Part 2: Taking a Deeper Dive into Justice40
In our first blog on the Justice40 Initiative, we defined what the initiative is and what programs are covered under Justice40. In this second part of the Justice40 series, we look at how a “disadvantaged community” is defined.
Determining if a community is “disadvantaged” under the Justice40 initiative is generally based on a combination of variables that may include but are not limited to:
|● Low income, high and/or persistent poverty
● High unemployment and underemployment
● Racial and ethnic residential segregation, particularly where segregation stems from discrimination by government entities
● Linguistic isolation
● High housing cost burden and substandard housing
● Distressed neighborhoods
● Geographic areas within Tribal jurisdictions
|● High transportation cost burden and/or low transportation access
● Disproportionate environmental stressor burden and high cumulative impacts
● Limited water and sanitation access and affordability
● Disproportionate impacts from climate change
● High energy cost burden and low energy access
● Jobs lost through the energy transition
● Access to healthcare
However, as you consider these variables in choosing the disadvantaged community that will benefit from your proposed project, be sure to check statutory requirements of the Federal program to which you are applying or submitting a proposal, as that program may have other requirements for community eligibility, for example, the project may need to be in a rural area.
Federal agencies have developed tools to help identify disadvantaged communities, including tools aligned with their specific Federal mission. Several are described below.
In January 2021, President Joe Biden issued Executive Order 14008 directing Federal agencies to make achieving environmental justice part of their missions by developing programs, policies, and activities to address the disproportionately high and adverse human health, environmental, climate-related, and other cumulative impacts on disadvantaged communities that have been historically marginalized, overburdened by pollution, and underserved in housing, transportation, water and wastewater infrastructure, and health care. To implement this new policy, the Administration launched the Justice40 initiative, setting a goal that 40 percent of the overall benefits of certain Federal investments flow to disadvantaged communities.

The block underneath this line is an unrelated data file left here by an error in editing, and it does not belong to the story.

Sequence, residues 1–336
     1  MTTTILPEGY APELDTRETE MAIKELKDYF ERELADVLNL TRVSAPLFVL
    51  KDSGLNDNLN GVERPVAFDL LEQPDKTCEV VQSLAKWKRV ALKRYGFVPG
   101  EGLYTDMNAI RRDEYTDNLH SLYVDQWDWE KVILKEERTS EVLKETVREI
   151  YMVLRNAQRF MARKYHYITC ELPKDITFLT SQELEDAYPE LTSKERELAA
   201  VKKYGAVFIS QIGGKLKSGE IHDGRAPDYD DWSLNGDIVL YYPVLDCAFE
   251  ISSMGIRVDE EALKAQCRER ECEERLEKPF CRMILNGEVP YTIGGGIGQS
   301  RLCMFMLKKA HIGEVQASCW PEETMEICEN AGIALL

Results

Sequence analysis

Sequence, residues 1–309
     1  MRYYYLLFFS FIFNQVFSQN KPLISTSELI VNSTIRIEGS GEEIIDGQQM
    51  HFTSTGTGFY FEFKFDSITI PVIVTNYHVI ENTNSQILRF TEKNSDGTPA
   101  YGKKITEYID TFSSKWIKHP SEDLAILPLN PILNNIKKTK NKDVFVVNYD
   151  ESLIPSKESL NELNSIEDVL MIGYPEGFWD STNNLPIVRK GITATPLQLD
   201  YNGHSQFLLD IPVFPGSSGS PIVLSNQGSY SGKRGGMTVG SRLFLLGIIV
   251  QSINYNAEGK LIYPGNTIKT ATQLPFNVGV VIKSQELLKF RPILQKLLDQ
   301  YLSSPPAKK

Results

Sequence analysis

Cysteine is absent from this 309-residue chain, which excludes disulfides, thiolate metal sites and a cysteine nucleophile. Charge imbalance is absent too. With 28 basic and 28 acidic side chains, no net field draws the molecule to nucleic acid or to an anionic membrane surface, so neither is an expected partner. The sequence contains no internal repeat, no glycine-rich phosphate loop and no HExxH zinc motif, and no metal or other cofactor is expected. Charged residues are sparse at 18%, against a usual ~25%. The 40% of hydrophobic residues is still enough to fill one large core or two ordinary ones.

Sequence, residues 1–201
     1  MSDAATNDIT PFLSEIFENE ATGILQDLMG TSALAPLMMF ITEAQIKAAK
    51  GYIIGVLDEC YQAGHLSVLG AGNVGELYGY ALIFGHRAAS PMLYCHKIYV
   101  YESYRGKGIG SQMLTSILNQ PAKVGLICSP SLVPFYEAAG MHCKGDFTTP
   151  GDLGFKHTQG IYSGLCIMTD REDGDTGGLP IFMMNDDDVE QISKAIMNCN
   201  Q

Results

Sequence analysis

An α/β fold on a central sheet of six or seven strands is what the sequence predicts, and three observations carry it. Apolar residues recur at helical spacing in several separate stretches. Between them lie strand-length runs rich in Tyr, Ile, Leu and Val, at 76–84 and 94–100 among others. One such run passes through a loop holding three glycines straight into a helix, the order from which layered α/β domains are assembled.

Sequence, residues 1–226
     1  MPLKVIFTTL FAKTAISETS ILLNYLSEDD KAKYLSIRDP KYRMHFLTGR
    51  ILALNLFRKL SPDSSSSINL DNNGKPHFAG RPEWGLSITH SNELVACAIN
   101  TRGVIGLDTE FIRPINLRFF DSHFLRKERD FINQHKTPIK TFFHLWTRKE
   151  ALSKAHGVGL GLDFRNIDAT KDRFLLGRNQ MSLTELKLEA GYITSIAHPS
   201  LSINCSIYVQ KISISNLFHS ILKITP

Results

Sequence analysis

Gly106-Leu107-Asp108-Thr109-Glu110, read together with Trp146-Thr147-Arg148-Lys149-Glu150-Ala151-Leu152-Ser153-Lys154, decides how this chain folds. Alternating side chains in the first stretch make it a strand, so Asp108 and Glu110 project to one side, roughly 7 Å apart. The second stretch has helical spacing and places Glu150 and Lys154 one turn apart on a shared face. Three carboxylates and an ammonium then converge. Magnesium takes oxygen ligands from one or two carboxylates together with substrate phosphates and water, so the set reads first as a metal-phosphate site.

In connection with Justice40, the Council on Environmental Quality (CEQ) developed a geospatial-based Climate and Economic Justice Screening Tool which operates using interactive maps that identify disadvantaged communities. CEQ released a beta version of the tool and comments were received in late May 2022. The tool is a work in progress, and users should expect it to be updated.
The current version of the tool identifies disadvantaged communities using census tracts—the smallest geographic unit for which publicly-available and nationally-consistent datasets can be displayed on the tool. Identification is determined by a relatively complex formula based on eight indictors. A census tract will be identified as disadvantaged if the tract is above the threshold for one or more environmental or climate indicators AND the tract is above the threshold for socioeconomic indicators. For example:
Other indicators used deal with the level of diesel particulate matter exposure or traffic proximity and volume; proximity to hazardous waste facilities, Superfund sites, or facilities with a potential chemical accident management plan; wastewater discharge; prevalence of asthma, diabetes, heart disease or low life expectancy; and prevalence of low median income, linguistic isolation, unemployment, or poverty.